MACON, Ga. -- Fighting for what has been earned.
That’s the sentiment for one Georgia resident who is a part of a program aimed to protect children of parents who came into the country illegally.
Giovanna Pina says she was brought into the United States as a child and considers Macon her home.
But, if the Trump administration's order holds up in the Supreme Court, Pina may have to find another way to continue her life in Georgia.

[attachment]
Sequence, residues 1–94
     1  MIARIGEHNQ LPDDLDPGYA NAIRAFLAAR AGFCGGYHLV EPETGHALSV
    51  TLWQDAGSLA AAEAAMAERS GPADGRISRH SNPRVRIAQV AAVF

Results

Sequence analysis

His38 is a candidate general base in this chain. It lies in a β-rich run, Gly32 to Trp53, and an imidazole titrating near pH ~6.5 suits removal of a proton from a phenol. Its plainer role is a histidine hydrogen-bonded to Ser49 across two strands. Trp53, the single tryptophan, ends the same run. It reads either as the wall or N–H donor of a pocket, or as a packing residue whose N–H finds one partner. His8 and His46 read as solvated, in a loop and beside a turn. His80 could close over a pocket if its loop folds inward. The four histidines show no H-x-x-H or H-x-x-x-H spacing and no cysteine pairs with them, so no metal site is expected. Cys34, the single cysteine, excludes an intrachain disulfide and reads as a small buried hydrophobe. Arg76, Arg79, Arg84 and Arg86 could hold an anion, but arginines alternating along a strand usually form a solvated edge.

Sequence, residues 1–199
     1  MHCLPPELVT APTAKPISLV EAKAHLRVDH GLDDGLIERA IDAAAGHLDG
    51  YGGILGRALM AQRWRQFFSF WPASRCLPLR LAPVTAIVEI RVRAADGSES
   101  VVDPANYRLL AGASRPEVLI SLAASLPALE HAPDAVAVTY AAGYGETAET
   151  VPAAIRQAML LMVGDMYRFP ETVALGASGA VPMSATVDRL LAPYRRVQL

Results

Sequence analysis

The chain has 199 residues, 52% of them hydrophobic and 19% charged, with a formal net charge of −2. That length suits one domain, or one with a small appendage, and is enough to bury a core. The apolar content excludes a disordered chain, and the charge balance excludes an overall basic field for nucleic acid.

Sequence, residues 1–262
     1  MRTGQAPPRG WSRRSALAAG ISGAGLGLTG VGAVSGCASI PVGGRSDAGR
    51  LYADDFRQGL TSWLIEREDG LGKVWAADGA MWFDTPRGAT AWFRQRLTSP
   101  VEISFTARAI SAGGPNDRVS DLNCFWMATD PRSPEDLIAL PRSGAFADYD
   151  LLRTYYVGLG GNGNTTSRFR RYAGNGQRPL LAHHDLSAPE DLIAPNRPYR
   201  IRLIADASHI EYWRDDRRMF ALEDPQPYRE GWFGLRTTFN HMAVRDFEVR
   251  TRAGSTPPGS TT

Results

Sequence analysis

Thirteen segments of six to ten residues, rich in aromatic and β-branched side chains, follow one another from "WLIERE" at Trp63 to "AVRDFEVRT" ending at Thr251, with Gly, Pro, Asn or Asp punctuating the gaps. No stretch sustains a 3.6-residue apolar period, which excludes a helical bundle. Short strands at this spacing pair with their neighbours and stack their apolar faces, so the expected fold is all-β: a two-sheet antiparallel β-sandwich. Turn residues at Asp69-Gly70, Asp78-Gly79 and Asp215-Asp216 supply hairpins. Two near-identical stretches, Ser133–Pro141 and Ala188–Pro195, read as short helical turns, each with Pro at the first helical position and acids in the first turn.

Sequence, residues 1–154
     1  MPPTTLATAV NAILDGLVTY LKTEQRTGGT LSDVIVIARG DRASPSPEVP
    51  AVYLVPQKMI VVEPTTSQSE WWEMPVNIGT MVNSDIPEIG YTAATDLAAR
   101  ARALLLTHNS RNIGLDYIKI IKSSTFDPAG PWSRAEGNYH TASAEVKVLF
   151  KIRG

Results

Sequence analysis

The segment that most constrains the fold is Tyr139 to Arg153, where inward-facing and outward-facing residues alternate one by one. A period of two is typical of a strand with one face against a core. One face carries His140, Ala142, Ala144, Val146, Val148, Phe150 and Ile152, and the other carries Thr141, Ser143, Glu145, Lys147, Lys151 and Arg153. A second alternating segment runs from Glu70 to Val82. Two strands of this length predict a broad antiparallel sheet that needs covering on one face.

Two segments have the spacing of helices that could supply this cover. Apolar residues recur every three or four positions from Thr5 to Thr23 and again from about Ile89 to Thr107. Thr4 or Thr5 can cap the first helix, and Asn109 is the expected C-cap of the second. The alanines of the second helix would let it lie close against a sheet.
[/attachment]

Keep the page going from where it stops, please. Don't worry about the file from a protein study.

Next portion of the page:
The Deferred Action for Childhood Arrivals program was first introduced by the Obama administration in 2012. Designed to help immigrants who were brought into the country as children, the program provides a pathway to education and work opportunities.
In 2017, President Donald Trump announced he would roll back the DACA program, drawing swift backlash and lawsuits from several civil liberties groups. The Supreme Court is now revisiting three of these cases.
Pina says she is married to a US resident and does not have to worry about the possibility of deportation. However, if her DACA privileges are revoked, her ability to work and function as a citizen will be more of a challenge.